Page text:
There’s almost as much ironic distance on the author writing the book as there is on Rosenbaum as a child and adolescent filmgoer — although at no point does Rosenbaum’s indefatigible interest in himself ever threaten to slacken. This is arguably one of the triumphs of his longest chapter, “On Moonlight Bay as Time Machine,” which virtually parodies the close analysis of the French structuralists at the same time that it oscillates between at least three separate viewings of that eminently forgettable Doris Day musical, by Rosenbaum at the respective ages of 8, 10, and 34, in Alabama, Maine, and California

At its most graceful and evocative, Rosenbaum’s dreamy prose can induce readers into making their own nostalgic or anti-nostalgic discoveries. (In my case, this would include some unrequited love, in my grammar school days, for a fat mouse named Gus-Gus in the Disney Cinderella, for Peter Finch’s tea plantation in Elephant Walk; a glorious, greedy sense of what being a boy must be like, while watching Prince Valiant with my best friend at a kiddie show run by Harold’s Club in Reno; or the experience of being unreasonably cheered out of the gloom of London and my own doldrums during my first trip abroad, by a piece of fluff called How to Steal a Million. But, like Rosenbaum much of the time, I digress.)

At its least effective, this prose can become clogged. Rosenbaum’s use of a mythical, Aguirre-like figure called the Conquistador to stand for what appears to be narrative-illusionist cinema carries the reader only so far, and then becomes tiresome; even as short linking passages, these sections are at once too coy and too smarmy for their own good. A certain fetishism with place-names, however justifiable it might seem on Proustian principle, becomes needlessly claustrophobic through overuse.

Unlike a Pauline Kael, who loves movies largely for their masculine qualities, Rosenbaum tends to regard the medium as essentially feminine. (Does this account for his furious ambivalence? There are time when he puts one in mind of Quentin Compson, declaiming, “I don’t hate the cinema! I don’t! I don’t hate it!“) Within these parameters, theaters become wombs, watching a film becomes a curious sort of sexual encounter, and a love letter written by Rosenbaum to his mother — “placing” such Fifties touchstones as Dial M for Murder, On the Waterfront and Seven Brides for Seven Brothers in terms of his relationship to her at the time — becomes the most affecting part of the book.

In the final chapter, Rosenbaum carries this attitude to its logical conclusion by chronicling his affairs with various films, which are described as if they were people. Not all his candidates are ladies, however. A bit arbitrarily, perhaps, Citizen Kane, Eclipse, and Playtime qualify as he’s, while Sunrise, Last Year at Marienbad, and Celine and Julie Go Boating register as she’s, although the author cleverly sidesteps the challenge of assigning a single sex to any film by Renoir or Dreyer.

But the ultimate Western-style showdown in the book, the supreme ideological and aesthetic confrontation, is between Rosenbaum and his corpulent grandfather. The sensual and emotional voyage traced from Bird of Paradise in spring 1951 to Sweet Bird of Youth in spring 1962 resembles in this respect nothing more than a protracted skirmish with Jewish patriarchy.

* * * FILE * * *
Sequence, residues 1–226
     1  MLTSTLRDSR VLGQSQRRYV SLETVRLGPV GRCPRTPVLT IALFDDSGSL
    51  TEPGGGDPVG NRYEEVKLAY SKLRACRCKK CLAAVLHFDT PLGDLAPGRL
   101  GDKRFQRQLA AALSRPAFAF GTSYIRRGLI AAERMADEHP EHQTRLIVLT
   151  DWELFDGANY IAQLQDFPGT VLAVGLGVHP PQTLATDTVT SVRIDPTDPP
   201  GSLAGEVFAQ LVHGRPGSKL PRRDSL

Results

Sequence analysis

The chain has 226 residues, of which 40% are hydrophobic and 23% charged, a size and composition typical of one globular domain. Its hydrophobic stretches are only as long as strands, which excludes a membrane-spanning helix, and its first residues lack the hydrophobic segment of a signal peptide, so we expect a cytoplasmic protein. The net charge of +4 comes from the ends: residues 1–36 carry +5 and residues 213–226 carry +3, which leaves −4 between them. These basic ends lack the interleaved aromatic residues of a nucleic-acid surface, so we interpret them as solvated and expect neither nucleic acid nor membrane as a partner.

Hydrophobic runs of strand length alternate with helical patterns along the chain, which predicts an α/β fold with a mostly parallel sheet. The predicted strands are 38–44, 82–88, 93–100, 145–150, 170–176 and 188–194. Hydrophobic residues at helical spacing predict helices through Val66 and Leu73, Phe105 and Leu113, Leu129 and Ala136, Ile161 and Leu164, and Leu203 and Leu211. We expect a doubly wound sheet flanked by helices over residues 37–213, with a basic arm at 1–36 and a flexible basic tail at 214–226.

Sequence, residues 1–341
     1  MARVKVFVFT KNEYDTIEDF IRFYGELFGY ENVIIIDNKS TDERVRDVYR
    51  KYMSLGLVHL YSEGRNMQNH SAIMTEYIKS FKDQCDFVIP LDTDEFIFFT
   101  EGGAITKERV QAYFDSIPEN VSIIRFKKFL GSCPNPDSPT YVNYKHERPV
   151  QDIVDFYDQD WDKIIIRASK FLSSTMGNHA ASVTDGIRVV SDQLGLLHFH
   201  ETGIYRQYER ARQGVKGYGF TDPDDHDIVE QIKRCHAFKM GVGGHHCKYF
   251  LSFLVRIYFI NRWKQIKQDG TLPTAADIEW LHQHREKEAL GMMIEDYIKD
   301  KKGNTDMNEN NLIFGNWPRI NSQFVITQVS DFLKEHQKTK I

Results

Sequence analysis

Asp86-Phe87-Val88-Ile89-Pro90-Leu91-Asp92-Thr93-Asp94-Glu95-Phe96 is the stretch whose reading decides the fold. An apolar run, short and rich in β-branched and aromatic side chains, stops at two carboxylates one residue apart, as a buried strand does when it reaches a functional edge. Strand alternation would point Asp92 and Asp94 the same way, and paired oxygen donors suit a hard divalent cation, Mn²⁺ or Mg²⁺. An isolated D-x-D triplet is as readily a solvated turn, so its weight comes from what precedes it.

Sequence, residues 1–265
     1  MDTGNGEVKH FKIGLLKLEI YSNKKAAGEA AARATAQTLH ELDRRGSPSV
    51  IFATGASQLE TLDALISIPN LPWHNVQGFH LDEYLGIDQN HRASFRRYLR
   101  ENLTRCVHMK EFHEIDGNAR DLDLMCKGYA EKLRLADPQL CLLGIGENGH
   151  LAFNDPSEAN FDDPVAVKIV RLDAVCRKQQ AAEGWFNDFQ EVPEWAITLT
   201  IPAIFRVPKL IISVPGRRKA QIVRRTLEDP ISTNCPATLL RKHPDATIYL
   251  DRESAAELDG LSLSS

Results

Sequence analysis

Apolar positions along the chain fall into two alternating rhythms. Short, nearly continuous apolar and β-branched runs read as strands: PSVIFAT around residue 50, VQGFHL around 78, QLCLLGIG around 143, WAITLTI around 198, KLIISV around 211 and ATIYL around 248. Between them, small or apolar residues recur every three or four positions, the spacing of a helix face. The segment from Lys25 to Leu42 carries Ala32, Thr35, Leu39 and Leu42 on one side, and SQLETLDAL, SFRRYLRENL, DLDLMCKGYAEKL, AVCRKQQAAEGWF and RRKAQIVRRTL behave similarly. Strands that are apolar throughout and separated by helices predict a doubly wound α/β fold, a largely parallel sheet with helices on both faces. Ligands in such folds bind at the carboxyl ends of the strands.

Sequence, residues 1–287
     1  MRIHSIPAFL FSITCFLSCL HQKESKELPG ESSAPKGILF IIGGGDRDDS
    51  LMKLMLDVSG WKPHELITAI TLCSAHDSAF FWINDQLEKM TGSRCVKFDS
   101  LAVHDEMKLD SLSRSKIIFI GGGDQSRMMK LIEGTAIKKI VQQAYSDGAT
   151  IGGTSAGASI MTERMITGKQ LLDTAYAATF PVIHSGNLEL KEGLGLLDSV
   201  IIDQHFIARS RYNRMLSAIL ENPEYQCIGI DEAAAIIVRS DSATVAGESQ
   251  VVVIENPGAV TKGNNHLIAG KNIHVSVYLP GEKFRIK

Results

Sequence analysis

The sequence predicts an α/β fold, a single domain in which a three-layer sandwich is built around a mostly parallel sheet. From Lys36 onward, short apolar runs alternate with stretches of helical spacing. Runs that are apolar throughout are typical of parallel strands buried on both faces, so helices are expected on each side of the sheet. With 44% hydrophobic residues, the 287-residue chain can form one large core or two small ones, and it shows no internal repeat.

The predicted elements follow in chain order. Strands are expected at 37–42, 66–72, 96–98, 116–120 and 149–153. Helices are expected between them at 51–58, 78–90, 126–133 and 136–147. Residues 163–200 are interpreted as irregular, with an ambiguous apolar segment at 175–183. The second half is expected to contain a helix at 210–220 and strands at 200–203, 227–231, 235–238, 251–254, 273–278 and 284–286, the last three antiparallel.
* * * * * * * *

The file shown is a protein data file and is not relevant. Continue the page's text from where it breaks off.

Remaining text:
It would be easy enough for readers of this magazine to regard this book as a logical development of Rosenbaum’s contributions to Film Comment. (The prologue and first chapter initially appeared in these pages, and there are extracts from some of his overseas columns.) But it would be a mistake, I think, to regard it simply as an extension of his criticism. More aptly, it might be described as an exploration of the private self that public activity — which includes filmgoing and film criticism — usually conceals.

Indeed, Rosenbaum’s “private” self (which includes eight-year-old Jonny) is a good deal closer to the experience of the ordinary spectator than is the polemical defender of Rivette, Moullet, and the Sternberg of Anatahan.To assume otherwise would be to overlook the profoundly political reflection on the social nature of moviegoing that underlines this book as a whole.

This gives Moving Places the effect of a long parenthesis in a critic’s work, and one that can include such non-cinematic, image-making objects of interest as drugs, racism, jazz, and sexual ideology. Yet the unusually personal side of the story — sometimes irritating, sometimes comic — shouldn’t trick the reader into assuming that the author’s self-absorption has to be shared. In a way, the fact that Rosenbaum wrote this book is the least interesting thing about it; as the semiologists would put it, he is simply “a function of the text,” and at times an obtrusive one. (Also on occasion a klutzy one: Barbara Stanwyck gets mistaken for Betty Grable in I Wake Up Screaming, Cannes’s Carlton Hotel is furnished with an unnecessary e, and The Bohemian Girl is described as “grand opera”.)

Declaring at one point that his book is “an attempt at a narrative exposition of myself through movies and of movies through me,” Jonathan Rosenbaum encourages the reader to explore her or his own personal movie narratives and ideologies, and this is finally the point of his project. More concerned with the processes than with the “obscure objects” of our desires, Moving Places places movies in a refreshing new light for all of us.

Film Comment, May-June 1981